Economy

The Fairness Doctrine

Today's Balance Sheet: Obama laid out his economic message for the election in last night's State of the Union address.

President Barack Obama delineated his campaign message in last night's State of the Union address. Positioning himself as a populist alternative to Mitt Romney and the 1 percent, Obama spent the beginning of his speech laying out his economic plan for the year: "We need to change our tax code so that people like me, and an awful lot of Members of Congress, pay our fair share of taxes," he said. He recommended that the Buffett Rule—which would make it so millionaires can't pay less than 30 percent in taxes—be put in place. Underscoring his economic platform—which also touched on job creation, energy independence, deficit reduction, and trade—was the theme of fairness. "We can either settle for a country where a shrinking number of people do really well while a growing number of Americans barely get by, or we can restore an economy where everyone gets a fair shot, and everyone does their fair share, and everyone plays by the same set of rules," Obama said. The Latest European Central...

Eurozone Overexposed

EU leaders scuttle a Greek bond deal for fear of greater losses.

AP Photo/Thanassis Stavrakis
Greece is once again the focal point of efforts to stem the bleeding of investor confidence and save the eurozone. Intense negotiations continue on the precise terms of the restructuring of privately held debt in the struggling Mediterranean country. Agreement is a necessary condition for the approval of a second bailout package from Greece’s eurozone partners and the International Monetary Fund (IMF), which, at 130 billion euros or more, will exceed the first one. On Friday, it looked as though the Greek government and the Institute of International Finance (IIF), the global banking lobby group, were close to a deal and a tentative agreement on interest rates, averaging out around 4 percent for coupons on the 30-year bonds issued in exchange for Greece’s existing debt. As the day progressed, however, it became clear that, even though the Greeks and the bankers had reached the essentials of an agreement, the deal could not be finalized. The IMF and the eurozone countries, in...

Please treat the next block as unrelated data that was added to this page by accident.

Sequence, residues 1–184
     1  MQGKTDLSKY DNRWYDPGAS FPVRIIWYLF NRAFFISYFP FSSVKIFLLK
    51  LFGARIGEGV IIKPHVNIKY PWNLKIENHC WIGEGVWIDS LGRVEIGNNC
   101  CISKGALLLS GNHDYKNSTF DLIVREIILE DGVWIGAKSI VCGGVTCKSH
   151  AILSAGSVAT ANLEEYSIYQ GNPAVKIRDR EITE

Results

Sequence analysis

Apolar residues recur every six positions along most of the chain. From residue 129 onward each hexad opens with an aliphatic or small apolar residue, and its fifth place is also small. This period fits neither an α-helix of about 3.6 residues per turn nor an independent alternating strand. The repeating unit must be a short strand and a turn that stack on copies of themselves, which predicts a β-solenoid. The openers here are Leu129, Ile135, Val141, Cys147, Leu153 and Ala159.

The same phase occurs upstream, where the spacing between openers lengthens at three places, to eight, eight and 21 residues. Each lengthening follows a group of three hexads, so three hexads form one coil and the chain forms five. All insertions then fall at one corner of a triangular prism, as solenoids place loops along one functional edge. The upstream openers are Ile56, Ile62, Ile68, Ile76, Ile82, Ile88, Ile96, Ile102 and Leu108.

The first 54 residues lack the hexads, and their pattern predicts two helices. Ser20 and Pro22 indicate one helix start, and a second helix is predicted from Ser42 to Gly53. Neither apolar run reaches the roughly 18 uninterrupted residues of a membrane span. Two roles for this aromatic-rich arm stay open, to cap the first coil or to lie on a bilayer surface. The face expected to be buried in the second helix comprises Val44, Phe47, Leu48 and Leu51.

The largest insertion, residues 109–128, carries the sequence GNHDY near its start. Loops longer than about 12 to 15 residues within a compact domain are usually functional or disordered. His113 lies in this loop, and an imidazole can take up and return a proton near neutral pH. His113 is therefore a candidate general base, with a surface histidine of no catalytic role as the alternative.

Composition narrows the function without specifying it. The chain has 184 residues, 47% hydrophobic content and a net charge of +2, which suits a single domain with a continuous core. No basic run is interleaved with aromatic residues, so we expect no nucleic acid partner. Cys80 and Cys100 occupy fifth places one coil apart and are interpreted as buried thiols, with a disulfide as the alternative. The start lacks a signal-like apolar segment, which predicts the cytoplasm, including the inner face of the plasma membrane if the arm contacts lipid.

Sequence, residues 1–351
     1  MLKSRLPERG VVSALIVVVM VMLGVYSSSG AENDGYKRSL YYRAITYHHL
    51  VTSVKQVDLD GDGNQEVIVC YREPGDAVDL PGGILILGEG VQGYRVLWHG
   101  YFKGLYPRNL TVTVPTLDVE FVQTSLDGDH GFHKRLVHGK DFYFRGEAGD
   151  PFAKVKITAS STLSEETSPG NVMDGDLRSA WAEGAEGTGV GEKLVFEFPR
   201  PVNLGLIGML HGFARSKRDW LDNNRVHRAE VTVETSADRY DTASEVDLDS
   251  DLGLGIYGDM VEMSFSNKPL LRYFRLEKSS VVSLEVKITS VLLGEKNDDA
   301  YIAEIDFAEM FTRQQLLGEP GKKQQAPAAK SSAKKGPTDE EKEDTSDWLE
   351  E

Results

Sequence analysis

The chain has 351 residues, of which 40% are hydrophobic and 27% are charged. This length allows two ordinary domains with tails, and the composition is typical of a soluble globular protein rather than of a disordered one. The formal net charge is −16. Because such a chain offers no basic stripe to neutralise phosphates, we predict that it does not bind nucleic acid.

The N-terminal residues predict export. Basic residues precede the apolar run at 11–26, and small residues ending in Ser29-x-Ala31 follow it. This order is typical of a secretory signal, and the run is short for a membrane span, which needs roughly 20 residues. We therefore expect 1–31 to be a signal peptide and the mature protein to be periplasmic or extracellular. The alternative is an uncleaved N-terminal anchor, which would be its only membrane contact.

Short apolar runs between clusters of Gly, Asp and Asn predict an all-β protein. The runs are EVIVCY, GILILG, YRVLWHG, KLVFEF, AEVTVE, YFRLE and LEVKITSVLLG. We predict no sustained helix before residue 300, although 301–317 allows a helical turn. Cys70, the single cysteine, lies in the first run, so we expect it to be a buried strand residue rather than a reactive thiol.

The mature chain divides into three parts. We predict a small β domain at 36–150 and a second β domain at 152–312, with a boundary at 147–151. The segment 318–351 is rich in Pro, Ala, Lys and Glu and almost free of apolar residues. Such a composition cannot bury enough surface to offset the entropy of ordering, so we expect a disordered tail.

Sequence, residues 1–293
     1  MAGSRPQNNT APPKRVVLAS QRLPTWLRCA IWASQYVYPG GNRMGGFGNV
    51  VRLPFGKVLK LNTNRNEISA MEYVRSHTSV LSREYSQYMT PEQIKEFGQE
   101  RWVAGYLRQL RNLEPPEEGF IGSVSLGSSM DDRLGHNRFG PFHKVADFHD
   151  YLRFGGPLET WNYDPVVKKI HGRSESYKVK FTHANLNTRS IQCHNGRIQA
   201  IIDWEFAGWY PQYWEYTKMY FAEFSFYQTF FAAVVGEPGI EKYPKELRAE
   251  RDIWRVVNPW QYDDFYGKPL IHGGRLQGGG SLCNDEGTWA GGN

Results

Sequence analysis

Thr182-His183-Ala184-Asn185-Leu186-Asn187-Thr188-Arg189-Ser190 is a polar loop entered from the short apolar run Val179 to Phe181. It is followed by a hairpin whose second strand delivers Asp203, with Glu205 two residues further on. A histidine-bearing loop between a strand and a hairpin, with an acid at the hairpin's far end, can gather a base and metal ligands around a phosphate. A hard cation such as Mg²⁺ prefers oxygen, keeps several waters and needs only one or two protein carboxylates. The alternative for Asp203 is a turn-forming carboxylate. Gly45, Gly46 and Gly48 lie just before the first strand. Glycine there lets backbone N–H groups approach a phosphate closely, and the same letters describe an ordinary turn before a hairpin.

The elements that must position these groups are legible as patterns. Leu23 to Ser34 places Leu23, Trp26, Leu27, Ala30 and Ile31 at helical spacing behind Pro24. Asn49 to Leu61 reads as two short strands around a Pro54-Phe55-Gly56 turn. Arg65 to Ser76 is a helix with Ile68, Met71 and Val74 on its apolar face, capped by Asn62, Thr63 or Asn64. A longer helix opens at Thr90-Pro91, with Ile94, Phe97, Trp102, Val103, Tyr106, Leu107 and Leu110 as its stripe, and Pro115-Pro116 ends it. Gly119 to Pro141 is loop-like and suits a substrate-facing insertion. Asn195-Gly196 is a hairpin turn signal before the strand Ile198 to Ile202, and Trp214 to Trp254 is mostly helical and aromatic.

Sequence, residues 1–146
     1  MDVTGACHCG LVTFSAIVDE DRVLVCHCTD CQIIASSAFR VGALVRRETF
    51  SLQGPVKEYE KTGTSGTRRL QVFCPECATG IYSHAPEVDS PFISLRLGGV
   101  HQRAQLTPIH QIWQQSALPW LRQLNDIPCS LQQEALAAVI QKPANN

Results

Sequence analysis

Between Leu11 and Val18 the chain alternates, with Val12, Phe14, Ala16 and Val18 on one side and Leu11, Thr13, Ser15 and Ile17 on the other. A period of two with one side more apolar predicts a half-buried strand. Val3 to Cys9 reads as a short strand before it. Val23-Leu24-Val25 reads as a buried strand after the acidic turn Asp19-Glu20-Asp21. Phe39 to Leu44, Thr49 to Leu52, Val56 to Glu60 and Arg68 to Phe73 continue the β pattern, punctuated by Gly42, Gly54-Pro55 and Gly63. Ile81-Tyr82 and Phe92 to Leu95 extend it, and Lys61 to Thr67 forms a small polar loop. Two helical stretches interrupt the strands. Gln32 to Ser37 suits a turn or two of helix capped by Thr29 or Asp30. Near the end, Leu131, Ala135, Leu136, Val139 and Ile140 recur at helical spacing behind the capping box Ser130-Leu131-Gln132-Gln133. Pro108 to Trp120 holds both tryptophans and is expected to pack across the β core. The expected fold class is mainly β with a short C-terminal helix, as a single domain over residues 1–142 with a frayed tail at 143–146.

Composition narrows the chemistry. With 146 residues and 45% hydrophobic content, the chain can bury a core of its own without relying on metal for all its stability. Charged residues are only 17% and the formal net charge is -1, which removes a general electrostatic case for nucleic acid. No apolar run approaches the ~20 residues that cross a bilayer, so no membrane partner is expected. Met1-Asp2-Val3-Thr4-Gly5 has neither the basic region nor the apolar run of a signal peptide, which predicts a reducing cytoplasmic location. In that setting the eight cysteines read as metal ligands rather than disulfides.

The Scarlet Tax Return

AP Photo